As Cressida moved on to talk about her work as Children’s Laureate, it became apparent that this was indeed part of the exact same quest. As Children’s Laureate, she embarked on an ambitious project to champion libraries, and in particular school libraries – which, as research shows, are instrumental in getting children to become people who read for pleasure. She thinks of a library just as she thinks of one of her own books – a creative, creating, child-enticing space. What she calls a “Life-changing library” delights the eye and calls to the ear; it provides safe, cosy corners in which to retreat; it’s a portal to other worlds; it’s an invitation to encounter others, and to meet yourself.
And yet, when schools are forced to make cuts, the library is very often the first thing to be shelved. One in seven primary schools now has no library at all, and statistics for some areas – especially those with a high proportion of disadvantaged families – are worse still.
The ‘Life-changing Libraries’ project succeeded in getting £100 million pounds a year ring-fenced for school libraries, and in getting them onto the political agenda. Then, because the library is something of a threatened habitat and few people seemed to know what a good one would look like, Cressida worked with BookTrust to set up six “gold-standard” Life-changing Libraries. Each received a transformative package that included a thousand books, an interactive audio-book facility, an ebooks subscription, furnishings and bespoke wall art, and staff training and support for embedding a whole-school reading culture. As Cressida’s video and the BookTrust report show, the results have been extremely encouraging – most especially, perhaps, in the way each school embraced and made the library its own.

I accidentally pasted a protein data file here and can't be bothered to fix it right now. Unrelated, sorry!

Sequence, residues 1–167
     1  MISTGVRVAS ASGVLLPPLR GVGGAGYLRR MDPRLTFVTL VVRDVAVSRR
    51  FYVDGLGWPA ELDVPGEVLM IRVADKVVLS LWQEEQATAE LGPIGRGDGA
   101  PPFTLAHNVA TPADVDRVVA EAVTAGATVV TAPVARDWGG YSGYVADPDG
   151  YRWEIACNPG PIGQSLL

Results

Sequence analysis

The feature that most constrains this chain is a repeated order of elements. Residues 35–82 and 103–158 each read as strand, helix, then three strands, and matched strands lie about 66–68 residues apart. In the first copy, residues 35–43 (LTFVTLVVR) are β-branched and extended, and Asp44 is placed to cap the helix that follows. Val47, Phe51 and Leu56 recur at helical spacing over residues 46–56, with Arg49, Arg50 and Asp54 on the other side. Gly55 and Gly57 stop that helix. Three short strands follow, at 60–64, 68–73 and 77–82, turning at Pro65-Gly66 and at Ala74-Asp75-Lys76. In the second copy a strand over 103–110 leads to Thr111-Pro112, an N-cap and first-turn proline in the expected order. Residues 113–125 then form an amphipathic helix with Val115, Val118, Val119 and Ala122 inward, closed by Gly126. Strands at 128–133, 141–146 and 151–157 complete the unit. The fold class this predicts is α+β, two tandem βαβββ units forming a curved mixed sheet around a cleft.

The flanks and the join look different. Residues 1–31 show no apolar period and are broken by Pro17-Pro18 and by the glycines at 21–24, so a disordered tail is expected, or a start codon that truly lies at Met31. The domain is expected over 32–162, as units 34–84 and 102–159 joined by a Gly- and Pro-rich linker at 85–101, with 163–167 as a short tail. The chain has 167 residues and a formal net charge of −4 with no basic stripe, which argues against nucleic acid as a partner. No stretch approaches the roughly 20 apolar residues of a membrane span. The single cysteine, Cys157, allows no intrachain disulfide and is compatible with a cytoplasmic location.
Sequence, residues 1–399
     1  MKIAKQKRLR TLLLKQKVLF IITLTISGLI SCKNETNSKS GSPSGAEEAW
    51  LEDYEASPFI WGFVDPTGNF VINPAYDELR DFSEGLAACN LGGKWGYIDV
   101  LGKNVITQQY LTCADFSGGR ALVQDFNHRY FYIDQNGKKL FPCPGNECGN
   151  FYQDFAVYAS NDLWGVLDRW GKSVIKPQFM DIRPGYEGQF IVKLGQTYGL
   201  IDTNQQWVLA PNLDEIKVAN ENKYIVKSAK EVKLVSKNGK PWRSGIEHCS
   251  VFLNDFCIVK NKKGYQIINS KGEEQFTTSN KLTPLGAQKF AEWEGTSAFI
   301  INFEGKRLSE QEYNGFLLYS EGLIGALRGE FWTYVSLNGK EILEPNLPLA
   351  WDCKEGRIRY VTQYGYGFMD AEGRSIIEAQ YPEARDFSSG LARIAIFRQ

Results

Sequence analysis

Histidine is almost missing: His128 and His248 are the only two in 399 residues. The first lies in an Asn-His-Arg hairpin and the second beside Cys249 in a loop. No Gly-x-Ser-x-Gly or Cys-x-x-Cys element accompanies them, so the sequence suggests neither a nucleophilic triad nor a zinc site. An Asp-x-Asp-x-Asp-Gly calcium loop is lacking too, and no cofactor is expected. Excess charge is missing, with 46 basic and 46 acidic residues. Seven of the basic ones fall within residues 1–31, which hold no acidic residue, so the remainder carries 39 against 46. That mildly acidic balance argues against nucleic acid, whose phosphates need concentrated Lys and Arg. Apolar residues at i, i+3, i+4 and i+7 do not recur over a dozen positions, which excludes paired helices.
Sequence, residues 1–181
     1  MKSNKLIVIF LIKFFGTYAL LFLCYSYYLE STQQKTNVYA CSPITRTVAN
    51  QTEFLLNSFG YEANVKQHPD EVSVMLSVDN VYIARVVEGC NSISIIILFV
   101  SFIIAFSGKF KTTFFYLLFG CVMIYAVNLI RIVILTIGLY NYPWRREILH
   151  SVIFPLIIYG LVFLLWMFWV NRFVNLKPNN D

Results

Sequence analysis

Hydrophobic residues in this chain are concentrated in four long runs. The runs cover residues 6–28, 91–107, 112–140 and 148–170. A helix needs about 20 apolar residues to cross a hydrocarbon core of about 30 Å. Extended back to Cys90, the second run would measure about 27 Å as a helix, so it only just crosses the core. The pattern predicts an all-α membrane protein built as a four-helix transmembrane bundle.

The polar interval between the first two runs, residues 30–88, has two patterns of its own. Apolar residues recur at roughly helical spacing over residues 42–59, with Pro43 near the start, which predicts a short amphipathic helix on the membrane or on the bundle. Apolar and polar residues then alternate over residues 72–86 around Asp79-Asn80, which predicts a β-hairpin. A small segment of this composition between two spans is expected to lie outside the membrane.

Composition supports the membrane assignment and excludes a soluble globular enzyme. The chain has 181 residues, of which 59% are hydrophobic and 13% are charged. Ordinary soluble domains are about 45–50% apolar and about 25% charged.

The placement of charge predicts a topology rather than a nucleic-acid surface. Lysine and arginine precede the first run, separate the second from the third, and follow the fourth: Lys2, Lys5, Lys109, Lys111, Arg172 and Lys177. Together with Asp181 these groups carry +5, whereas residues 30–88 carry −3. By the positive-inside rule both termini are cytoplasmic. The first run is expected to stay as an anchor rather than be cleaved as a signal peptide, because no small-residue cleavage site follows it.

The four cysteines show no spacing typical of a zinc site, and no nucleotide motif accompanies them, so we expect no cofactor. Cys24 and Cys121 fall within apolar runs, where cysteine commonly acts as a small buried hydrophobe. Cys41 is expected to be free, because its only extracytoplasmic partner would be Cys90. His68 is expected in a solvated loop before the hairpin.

It was, and is, an extraordinary achievement. And the source of this drive? What else but books? “Booky People,” said Cressida, “have tenacity and resourcefulness because we are passionate about what we do.”
This, of course, was a lecture addressed to an entire auditorium of Booky People, so not the ones who need persuading. But as Cressida said, “It is when times are hardest that we need the transformative magic of books and reading the most.” So in what are unquestionably hard times, it was good to be reminded of that, and of the need to ensure that what we have been privileged to enjoy is passed on to future generations. Cressida’s final rallying call left us in no doubt: “As Waterstones Children’s Laureate, I pledged to fight for children’s reading with passion, conviction and action. My quest will continue. I hope you will join me.”
The Philippa Pearce Lecture 2022 began with a welcome instruction to “imagine that it is still 2020. For the next couple of hours, you are licensed to indulge the welcome fantasy that the past two years simply haven’t happened,” said Homerton Vice-Principal Dr Louise Joy in her opening remarks.
The event was originally scheduled to take place in April 2020, marking Philippa Pearce’s centenary year. Its speaker, Geraldine McCaughrean, the double Carnegie Medal winning author of over 170 books including Peter Pan in Scarlet and Where the World Ends, was described by Dr Joy as: